• To Kill a Mockingbird (1962) — Elmer's masterwork and one of the best film scores ever written. I can't think of any other American film where music fits so perfectly and unobtrusively and yet carries such honest and powerful emotion than this landmark score. It's as if Bernstein climbed inside the psyche and imaginative world of a child and captured the essence of joy, wonderment, fear, and heroism with his music.
  • Ghostbusters (1984) — shows the whimsical side of the composer. The score prominently features the Ondes Martenot—an oscillating electronic instrument that was the precursor for the modern synthesizer. Developed in 1928 by Maurice Martenot, the Ondes sounds similar to the Theremin, which was invented a decade earlier and which is no doubt familiar to fans of Bernard Herrmann (The Day the Earth Stood Still) and The Beach Boys (Good Vibrations); in fact, Bernstein used the Theremin Standard Snippet in Heavy Metal. Like the Theremin, the Ondes produces an eerie oscillating tone reminiscent of fingers delicately passing along the rim of a crystal wine glass. Bernstein uses the Ondes to good effect here, employing it to accentuate the unpredictable behavior of the mischievous ghosts lurking in hotel hallways and ballrooms.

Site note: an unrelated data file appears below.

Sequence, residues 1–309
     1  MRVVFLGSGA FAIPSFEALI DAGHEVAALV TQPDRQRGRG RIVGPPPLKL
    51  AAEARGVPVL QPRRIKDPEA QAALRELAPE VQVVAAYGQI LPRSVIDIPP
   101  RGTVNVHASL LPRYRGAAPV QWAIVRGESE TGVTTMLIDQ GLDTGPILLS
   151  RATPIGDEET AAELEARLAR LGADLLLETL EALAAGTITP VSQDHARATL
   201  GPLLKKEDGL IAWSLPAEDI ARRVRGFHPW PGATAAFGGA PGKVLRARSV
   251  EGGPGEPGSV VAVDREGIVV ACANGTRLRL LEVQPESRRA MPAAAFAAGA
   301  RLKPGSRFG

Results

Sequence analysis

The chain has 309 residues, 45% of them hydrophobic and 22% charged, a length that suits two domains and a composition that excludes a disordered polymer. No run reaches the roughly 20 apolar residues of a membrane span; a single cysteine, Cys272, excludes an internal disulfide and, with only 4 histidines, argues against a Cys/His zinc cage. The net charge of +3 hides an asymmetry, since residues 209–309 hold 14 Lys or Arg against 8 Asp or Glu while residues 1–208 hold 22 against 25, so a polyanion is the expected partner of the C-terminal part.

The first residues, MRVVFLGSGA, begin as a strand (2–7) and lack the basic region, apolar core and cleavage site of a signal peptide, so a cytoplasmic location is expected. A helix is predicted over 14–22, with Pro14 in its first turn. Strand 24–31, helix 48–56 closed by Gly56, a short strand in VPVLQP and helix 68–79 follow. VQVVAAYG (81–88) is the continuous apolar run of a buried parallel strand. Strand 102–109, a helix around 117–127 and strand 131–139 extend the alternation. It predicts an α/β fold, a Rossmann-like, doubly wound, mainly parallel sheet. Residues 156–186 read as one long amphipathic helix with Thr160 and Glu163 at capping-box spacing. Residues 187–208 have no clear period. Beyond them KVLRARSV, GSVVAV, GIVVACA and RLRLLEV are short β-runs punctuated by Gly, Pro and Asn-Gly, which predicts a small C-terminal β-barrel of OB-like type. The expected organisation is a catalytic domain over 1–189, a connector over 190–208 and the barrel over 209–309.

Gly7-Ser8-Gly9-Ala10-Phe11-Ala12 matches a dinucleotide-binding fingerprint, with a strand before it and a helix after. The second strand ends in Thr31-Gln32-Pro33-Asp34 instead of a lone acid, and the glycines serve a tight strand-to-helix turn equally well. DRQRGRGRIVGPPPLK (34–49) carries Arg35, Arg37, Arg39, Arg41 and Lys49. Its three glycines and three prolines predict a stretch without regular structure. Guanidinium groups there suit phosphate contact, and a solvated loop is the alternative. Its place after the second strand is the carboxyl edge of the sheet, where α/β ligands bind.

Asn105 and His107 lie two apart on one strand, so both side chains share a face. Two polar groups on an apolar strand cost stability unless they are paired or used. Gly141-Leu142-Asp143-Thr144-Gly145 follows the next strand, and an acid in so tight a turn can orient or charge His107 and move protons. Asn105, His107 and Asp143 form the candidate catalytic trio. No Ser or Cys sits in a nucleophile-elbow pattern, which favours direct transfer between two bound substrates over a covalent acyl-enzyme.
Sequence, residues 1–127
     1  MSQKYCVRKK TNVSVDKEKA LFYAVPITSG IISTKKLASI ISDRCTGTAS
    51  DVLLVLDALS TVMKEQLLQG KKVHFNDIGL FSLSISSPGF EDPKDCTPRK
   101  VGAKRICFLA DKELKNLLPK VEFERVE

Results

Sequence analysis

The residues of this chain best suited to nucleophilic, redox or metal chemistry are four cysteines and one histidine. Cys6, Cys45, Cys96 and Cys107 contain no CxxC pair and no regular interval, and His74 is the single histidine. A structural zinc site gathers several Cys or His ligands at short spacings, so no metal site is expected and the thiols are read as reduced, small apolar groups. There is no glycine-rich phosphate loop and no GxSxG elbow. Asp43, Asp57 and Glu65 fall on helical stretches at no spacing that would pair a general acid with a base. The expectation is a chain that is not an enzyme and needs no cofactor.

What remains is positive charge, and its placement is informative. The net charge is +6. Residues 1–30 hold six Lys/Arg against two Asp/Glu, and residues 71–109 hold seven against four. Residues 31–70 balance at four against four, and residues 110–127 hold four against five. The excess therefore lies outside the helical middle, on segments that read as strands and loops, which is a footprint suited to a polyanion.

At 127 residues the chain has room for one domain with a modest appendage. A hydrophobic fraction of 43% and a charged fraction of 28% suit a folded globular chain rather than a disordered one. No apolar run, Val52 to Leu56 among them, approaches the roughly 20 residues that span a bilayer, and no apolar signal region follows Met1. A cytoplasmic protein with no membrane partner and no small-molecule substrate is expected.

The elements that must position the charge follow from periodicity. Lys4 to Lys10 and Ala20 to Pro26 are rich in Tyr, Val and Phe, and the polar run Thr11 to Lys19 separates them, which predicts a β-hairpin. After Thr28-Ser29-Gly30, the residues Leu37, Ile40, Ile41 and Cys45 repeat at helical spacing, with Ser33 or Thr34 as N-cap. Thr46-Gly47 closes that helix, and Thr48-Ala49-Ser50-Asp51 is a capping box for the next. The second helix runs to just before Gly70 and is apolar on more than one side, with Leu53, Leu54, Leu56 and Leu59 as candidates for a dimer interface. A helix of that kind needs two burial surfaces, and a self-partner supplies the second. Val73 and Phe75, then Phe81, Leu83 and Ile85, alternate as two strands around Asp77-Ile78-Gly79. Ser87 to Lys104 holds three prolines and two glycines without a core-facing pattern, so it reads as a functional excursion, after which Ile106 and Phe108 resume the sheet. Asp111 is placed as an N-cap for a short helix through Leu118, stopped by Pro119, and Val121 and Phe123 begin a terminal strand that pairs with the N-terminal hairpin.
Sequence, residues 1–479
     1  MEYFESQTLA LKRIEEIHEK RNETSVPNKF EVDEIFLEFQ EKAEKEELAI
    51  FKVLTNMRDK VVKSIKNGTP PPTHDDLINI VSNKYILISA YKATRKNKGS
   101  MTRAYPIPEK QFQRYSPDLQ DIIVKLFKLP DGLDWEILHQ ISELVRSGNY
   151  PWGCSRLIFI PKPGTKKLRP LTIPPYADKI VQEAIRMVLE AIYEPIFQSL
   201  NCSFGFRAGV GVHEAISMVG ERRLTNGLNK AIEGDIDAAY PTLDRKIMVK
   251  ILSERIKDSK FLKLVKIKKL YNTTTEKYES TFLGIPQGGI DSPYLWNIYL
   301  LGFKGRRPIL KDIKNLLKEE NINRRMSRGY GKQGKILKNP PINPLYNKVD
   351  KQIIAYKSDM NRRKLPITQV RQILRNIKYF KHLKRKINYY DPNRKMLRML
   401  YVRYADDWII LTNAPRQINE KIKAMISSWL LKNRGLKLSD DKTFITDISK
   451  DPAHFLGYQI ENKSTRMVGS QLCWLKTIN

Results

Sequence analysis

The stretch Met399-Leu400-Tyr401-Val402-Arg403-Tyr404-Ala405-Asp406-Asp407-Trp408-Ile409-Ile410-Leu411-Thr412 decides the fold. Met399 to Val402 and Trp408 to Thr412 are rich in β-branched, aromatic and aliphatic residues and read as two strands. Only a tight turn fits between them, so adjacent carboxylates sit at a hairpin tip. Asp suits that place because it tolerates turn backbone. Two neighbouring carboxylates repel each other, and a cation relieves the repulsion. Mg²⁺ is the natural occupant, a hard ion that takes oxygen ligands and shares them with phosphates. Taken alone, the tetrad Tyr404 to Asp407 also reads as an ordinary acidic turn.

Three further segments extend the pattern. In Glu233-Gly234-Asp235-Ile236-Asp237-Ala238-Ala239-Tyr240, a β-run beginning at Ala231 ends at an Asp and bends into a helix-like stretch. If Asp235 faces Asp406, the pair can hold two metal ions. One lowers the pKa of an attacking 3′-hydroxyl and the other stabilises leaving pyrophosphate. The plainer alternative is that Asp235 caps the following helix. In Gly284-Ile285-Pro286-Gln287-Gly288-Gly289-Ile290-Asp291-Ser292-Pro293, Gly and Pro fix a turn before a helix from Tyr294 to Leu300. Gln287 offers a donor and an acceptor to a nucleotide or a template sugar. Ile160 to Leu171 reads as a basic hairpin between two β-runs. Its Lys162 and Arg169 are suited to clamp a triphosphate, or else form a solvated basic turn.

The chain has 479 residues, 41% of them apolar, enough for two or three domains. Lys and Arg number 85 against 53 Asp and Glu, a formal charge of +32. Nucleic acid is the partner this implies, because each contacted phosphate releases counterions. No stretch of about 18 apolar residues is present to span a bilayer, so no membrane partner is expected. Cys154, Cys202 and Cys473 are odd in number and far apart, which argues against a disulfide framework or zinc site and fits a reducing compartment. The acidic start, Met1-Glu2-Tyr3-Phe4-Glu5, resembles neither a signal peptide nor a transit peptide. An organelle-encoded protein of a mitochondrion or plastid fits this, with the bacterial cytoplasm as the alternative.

• Bernstein recorded four tracks for the song album, but only two were included; Varèse Sarabande issued a lengthy score album, including bits not heard in the film (such as the complete end credits music) and all four of the song album recordings.